What's even crazier is the parts to fix most of those issues caused by lifting are cheaper than the things people mistakenly think will fix it. We've gone the massive rock crawler while being the wife's daily and our long road trip rig on 2 different JLURs. 3.5" of lift, full rock krawler no limits arms, adjustable track bars, etc on our 2019. Still had more shimmy on road hitting bumps than I liked. Added the synergy flipped tie rod and raised track bar mount and it was much better. Still had a bit of feedback on the steering wheel on bumps but pretty close to stock. When it was replaced with our 2022 xr, I felt the shimmy stock was worse. The xr sits taller and has 35s with the same control arms so caster was 4.2⁰ stock. Added lcas to get the caster closer to 6⁰ where I like it and it was solid. When we went to 3.5" metalcloak springs I decided to throw on the yeti no-drill flipped tire rod and metalcloak drop brackets. Almost no feedback through the steering at all on bumps now. Even with the bilstein 5100s and icon sway bar end links I'm about $2200 into this suspension and it rides and handles better than stock...on 39s. Combine flat steering with flat control arms and you really can have an awesome dd that will cruise 85mph on the freeway all day and then dominate 7+ rated rock trails when you get there. Odds are I'll be adding drop brackets to the mojave after I put on the aev 2" spacer lift but I want to drive it without just to prove to myself once again that the brackets make such a huge difference.
 

HorneyBadger

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Lomg time jeep herder byt new to round springs. Sort of. My 2020 rubicon has 2" mopar kit 37: bfg ats and it seems ok to me but the beloved parasite hates it for all its wander and vagueness. It has the fixed mopar lcas from the kit and this discussion has me wondering if i should a) get some lca drop brackets, 2) adjustable lcas or 3) if both are really necessary. I gave up on an mj i had in favor of my scrambler in part because the fron steering issues in the mj. With both an adjustable track bar and control arms.

Whick lca brackets are preferred?

Thanks all
First thing is to go get a front end alignment check which will provide you with your caster numbers. More than likely brackets wont do much with the 2" lift otherwise Mopar would have provided them in the kit. If your castor is less than 5 degrees then consider adjustable LCA's to push the caster out to 5.5. If you have someplace like Firestone Center you can get a lifetime alignment. and just keep going back to check exactly where the caster is.
 

ShadowsPapa

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More than likely brackets wont do much with the 2" lift otherwise Mopar would have provided them in the kit.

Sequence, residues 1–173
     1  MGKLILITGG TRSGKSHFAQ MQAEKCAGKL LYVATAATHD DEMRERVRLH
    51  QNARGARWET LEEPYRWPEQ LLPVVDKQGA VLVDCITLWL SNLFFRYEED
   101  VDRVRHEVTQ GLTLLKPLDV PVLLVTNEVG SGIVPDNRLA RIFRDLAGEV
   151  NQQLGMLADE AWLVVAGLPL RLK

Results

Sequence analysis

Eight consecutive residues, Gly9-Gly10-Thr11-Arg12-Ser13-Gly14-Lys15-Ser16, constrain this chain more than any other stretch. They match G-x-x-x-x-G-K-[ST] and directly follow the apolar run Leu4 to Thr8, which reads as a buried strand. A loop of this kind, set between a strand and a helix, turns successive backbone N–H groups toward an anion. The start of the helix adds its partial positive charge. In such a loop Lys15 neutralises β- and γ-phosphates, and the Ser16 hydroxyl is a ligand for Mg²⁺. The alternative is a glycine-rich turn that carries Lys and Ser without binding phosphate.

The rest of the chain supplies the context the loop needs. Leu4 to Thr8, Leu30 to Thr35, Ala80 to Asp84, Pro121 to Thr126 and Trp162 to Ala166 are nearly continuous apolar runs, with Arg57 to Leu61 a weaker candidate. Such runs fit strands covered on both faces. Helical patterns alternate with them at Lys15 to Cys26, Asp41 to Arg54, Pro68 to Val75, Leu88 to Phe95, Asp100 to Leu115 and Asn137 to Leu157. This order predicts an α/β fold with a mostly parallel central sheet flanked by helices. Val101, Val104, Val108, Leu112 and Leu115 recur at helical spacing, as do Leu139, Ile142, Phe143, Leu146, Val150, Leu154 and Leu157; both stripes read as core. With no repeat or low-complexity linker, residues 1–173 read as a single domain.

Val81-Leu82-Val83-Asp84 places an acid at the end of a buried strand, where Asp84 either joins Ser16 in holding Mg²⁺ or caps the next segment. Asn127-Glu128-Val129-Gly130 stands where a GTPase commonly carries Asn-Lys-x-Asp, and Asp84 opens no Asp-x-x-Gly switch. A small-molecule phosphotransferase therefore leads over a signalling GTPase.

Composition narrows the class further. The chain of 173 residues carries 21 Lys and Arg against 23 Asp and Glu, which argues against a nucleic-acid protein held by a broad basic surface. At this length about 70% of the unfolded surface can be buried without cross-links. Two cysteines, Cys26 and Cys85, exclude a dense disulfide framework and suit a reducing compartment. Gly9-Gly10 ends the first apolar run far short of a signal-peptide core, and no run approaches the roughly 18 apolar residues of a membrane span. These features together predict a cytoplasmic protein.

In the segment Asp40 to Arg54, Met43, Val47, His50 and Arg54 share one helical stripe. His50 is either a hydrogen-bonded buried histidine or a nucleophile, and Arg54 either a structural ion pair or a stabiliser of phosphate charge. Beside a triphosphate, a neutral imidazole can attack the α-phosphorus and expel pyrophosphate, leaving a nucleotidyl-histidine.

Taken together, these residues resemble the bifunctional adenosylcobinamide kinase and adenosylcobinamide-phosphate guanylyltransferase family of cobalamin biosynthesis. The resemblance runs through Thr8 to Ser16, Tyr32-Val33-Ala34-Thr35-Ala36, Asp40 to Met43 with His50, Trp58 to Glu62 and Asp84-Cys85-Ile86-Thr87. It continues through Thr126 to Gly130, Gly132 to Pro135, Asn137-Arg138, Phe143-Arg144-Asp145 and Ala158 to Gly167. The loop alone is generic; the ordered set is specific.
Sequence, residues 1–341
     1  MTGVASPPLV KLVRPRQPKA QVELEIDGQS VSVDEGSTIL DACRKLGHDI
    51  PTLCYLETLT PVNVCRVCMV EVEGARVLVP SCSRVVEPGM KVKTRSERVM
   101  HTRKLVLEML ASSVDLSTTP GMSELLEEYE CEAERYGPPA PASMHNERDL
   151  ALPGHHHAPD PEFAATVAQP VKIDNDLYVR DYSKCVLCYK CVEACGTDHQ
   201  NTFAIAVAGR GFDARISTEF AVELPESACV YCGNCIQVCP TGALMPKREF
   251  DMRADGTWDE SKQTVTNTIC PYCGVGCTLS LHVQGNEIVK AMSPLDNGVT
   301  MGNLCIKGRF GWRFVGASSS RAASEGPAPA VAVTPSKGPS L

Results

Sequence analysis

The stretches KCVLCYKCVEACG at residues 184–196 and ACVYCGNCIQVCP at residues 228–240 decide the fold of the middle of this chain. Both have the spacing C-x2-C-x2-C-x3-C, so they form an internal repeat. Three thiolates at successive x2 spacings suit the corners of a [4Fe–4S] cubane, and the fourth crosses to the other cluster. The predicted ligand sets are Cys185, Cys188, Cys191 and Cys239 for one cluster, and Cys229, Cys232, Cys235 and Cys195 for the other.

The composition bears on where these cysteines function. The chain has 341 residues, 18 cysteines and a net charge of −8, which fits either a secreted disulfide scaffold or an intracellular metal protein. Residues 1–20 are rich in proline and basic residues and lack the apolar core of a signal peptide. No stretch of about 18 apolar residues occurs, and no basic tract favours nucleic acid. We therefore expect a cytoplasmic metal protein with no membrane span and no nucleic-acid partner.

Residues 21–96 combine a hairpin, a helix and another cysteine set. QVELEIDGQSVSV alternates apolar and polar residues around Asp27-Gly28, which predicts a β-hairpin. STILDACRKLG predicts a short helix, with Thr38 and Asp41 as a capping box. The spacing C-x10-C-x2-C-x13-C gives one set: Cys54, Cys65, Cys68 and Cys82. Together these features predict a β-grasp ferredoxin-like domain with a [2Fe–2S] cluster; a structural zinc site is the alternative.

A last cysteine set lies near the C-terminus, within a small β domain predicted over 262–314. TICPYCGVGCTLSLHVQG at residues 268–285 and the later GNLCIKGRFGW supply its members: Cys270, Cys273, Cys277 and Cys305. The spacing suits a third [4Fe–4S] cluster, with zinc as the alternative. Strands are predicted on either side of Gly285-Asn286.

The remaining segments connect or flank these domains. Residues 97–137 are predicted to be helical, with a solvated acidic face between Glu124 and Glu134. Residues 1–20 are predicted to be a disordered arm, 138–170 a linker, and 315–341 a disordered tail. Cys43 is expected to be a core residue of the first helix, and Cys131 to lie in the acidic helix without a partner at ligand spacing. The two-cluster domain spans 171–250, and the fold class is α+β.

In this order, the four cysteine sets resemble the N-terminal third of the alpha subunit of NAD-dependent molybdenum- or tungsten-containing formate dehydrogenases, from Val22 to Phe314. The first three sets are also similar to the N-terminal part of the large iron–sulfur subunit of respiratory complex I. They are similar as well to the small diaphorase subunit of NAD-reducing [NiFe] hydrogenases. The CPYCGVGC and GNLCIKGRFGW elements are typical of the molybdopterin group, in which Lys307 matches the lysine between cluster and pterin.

That's assuming MOPAR would be willing to make a simple bolt-on kit more complex.
Brackets can help.
Since the control arm is tilted upward going back after a lift, it has swung in an arc, up and forward, reducing caster. Longer arms negate that effect and put it close to original - assuming the MOPAR lift.
If you move the rear of the lower arm back down, it will swing in an arc, downward and back as it swings, giving more caster.
Brackets also often have provisions for changing caster just in the bracket itself.
Since you can't move the rear of the arm straight down - it will swing a slight arc as it goes, just a bracket can definitely change caster. It's why you lose caster with a lift because the rear of the arm has in effect "swung up and forward". Bracket will swing it down and rearward, forcing the bottom of the axle forward, twisting it for more caster.

Geometry - it can be shown on paper.
 

trust

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Thank you gents. I do keep the alignment sort of current. Though if it gets repaired ill get it done again (i had what i thought a minor accident that actually broke the front axel housing). Ill be looking at that much more closely and see what the numbers say

Thanks zgain
 

Stan H

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Well , before I lifted mine I did a lot of research and then collected each piece of the puzzle. Then after I got everything I put it all on. I have driven almost 200 miles since I stuck it on and it drives better than it ever did as a stock machine. 😅 yes I went with Falcon shocks Terra flex lift kit,teraflex lower control arms and forge front track bar and let me say mines as steady as a rock and all the swaying is gone. The bobbing is gone...Now we also sat my Caster ourselves using a manual and a digital caster gauge so it wouldnt be one of these drive away and have problems. Thebmanual bubble gauge said 5.0 degrees the digital said 5.4 so we left it at that and it drove like a dream.. Etc.. no mistake on my part with the lift.